In the article, Hoge also relates how mindfulness meditation can help people to recognize times when their unproductive worries arise and also train themselves to experience those thoughts differently. In short, for sufferers to see these unproductive thoughts for exactly what they are— thoughts—that need not have any real hold over them (talk about a Eureka moment).

An important study of Hoge’s, “Yoga and Meditation: Review of Current Research” appeared in the JAMA Internal Medicine Review.

In a review of relevant available research, it found that:

  • Medical research supported the conclusion that yoga and meditation (two practices related to mindfulness) were a natural means of activating the body’s natural mechanisms for managing stressors such as chronic anxiety.
  • The effectiveness of mindfulness programs that use meditation in managing stress could be explained by physiological changes that take place in both the brain and the body.
  • These findings on the value of mindfulness in focusing attention and reducing distracting thoughts had clear clinical implications for mental health professionals and how they treated their patients.

Armed with solid empirical evidence that techniques like yoga and meditation work to combat anxiety and depression, you might be curious how variations like mindfulness meditation work.

Is it for you? Let’s explore. Here’s mindfulness meditation, in a few broad strokes.

Mindfulness Meditation and How To Practice It

Mindfulness meditation—which can be done sitting quietly or while you’re doing everyday tasks like watering your garden— is characterized as: “a technique of meditation in which distracting thoughts and feelings are not ignored but acknowledged and observed (nonjudgmentally) as they arise to create a detachment from them and gain insight and awareness.”

Standing in sharp contrast to panicked thoughts that scream “something’s wrong with me, surely I need medication,” this approach to wellness focuses on long-term sustainability.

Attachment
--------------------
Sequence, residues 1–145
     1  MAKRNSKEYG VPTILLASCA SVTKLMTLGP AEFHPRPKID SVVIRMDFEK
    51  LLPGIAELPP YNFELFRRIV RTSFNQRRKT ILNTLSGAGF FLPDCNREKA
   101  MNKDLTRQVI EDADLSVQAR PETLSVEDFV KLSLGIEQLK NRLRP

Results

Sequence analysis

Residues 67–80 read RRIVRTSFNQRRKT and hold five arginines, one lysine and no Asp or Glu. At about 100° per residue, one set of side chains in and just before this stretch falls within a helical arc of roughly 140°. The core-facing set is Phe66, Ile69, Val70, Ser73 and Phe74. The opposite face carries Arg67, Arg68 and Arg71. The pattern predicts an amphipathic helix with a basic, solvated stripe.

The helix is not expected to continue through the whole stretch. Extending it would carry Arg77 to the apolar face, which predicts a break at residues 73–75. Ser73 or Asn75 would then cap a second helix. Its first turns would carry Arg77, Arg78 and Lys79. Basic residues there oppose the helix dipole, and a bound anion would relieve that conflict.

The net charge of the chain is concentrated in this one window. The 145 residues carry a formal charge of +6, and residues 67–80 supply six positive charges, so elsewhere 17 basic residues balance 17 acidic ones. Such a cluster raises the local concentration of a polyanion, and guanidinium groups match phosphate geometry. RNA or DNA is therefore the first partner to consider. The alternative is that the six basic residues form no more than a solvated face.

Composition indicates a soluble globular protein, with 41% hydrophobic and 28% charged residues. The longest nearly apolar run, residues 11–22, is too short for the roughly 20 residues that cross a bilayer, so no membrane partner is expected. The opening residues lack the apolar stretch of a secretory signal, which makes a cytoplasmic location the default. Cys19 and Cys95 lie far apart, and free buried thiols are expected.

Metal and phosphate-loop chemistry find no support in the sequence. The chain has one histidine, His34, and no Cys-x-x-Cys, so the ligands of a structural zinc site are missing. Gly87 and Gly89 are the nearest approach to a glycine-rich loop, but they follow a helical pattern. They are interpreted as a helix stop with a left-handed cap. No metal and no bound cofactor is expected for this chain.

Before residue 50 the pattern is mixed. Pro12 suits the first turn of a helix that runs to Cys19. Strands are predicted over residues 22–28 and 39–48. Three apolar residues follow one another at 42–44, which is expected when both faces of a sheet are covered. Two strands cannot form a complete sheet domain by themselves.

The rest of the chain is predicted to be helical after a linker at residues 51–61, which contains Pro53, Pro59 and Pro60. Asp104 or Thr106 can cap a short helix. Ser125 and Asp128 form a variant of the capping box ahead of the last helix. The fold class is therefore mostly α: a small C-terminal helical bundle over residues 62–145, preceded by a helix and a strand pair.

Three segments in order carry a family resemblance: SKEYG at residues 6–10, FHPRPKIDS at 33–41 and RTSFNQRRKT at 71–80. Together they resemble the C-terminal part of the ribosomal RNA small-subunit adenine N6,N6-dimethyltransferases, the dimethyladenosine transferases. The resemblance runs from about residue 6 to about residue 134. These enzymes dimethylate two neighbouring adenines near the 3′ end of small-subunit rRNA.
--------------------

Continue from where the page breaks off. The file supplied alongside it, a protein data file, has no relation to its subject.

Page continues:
Here’s what you need to know about mindfulness meditation:

  1. Creating awareness. Mindfulness is unique in that it’s not a management tool that aims at “getting you to be any different from how you already are.” Its function instead is to create awareness by re-introducing you to the self that got lost in the daily dash for success and security. Mindfulness teaches us to be unconditionally present through staying in the current moment, no matter what’s weighing on our minds. As such, it trains us to affirm life (no matter what its foibles may be).
  2. Location! Location! Location! Once you’ve committed to becoming more mindful, choose a location that can bring it about. We suggest a quiet room, back porch, or shady spot under the trees.
  3. Setting aside the time. Time management is critical—especially in the beginning—when you’re still sharpening your mindfulness honing abilities.

So make sure that you’re able to carve out distraction-free blocks of time to do your thing. Once the stage has been successfully set, take some deep breaths, settle your mind, and let the thoughts and introspection flow (without passing judgment on either).

Measuring Success

So what constitutes success? Is it the total eradication of depressing thoughts or anxious moments? As life provides ample opportunities for these, probably not. However, mindfulness meditation can provide you the clarity and calmness you crave, while also serving as a viable long-term solution to issues like anxiety and depression. So why not give it a chance? You just might have nothing to lose but the overwhelming thoughts.

Author: Amino Research

Experts in amino acid research, the Amino research team works tirelessly to give you the most up-to-date amino acid and health information available. We’re dedicated to helping you transform your body and mind using the power of amino acids and wellness best practices that enhance quality of life and longevity.